The Film and Performance:
Mister Roberts is one of those quirky films from the 1950s that is ironically derived from true-life. Author Thomas Heggen wrote the source novel in 1946 as a series of semi-autobiographical short stories about his experiences as a sailor during World War II, which was subsequently adapted into a highly successful Broadway play that won the Tony in 1948. With the popularity of the novel and play, it is no surprise Hollywood decided to adapt the play into a feature film. Shockingly, Henry Fonda, who had originated the role of Mister Roberts on Broadway, had starred in the role for two years and even won the Tony for his performance, nearly didn’t get the title role for the film. The studio, believing Henry Fonda to be no longer marketable, were seeking to cast the role with Marlon Brando or William Holden, both of whom would seemingly guarantee box-office appeal. However, it was at the insistence of director John Ford that Fonda be cast, to which he was, but it ignited one of the most stunning rifts in Hollywood history. The Ford-Fonda feud was caused due to Fonda believing he knew his character inside-and-out considering he had starred in the role on Broadway for two years, yet director John Ford believed the performance to be not adequate and demanded that Fonda conform to his vision. This rift ultimately met its climax when Ford punched Fonda in the face, subsequently causing Ford to be replaced as director with Mervyn LeRoy.
When watching Mister Roberts one doesn’t realize that the film was made with such friction occurring between lead actor and director. Fortunately, Mister Roberts translated from the stage to screen as an amusing comedy film that has barely aged since its first release in theaters in 1955. The comedy themes within the film are easy to resonate with since they focus on issues that are timeless, such as being bullied and combating boredom. Yet Mister Roberts is a film that hardly possesses a fluid plot. The film is framed like an elaborate series of episodes that detail the daily antics of sailors aboard a vessel. In many regards, Mister Roberts is a film crafted by highly memorable vignettes delicately sewed together into a single film. What holds the film together is a handful of broad plotlines. The basic plot that carries throughout the entire film is Lieutenant Junior Grade Doug Roberts (Henry Fonda) feeling that he is missing the war while aboard the USS Reluctant, better known as “The Bucket,” since their ship sees no war at all. His continued requests for transfer are always denied by Lieutenant Commander Morton (James Cagney), who takes tyrannical pride in keeping Roberts with The Reluctant. Yet while this is the broad plot that carries throughout the film, Mister Roberts is much more than that. The film is also about comradery and about finding one’s inner strength, which is conveyed primarily through the character Ensign Frank Pulver (Jack Lemmon).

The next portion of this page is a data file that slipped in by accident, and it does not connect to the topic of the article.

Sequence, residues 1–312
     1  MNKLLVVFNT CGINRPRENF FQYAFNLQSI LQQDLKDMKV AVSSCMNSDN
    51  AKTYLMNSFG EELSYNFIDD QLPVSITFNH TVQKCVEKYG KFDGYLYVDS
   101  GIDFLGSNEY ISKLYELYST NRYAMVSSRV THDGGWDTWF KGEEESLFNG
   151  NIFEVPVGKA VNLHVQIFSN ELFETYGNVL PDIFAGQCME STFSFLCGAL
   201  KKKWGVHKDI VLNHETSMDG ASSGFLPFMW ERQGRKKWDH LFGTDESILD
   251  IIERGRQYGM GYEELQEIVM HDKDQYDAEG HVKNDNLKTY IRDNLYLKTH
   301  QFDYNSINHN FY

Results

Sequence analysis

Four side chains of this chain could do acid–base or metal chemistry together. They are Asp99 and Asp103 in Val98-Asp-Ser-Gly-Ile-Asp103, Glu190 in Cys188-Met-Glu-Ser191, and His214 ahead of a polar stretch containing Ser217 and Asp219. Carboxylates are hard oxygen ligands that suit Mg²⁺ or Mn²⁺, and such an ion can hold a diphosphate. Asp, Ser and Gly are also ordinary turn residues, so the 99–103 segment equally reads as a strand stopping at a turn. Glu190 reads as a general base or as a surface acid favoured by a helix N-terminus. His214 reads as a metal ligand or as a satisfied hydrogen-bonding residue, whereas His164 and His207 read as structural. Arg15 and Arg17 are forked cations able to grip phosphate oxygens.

What especially kept Mister Roberts as an effective comedy film was it being a period piece that stayed within the realm of reality. If the film pushed the boundaries of realism, especially with its principle characters being a part of the Navy, it had to be done in a way that could be believed. Therefore, moments of sailors getting excited over seeing women or going completely crazy when they get a night of “liberty” in a town, fits within the confines of realism. This also kept the film from veering into satire territory, which would have undoubtedly minimized the film’s potential.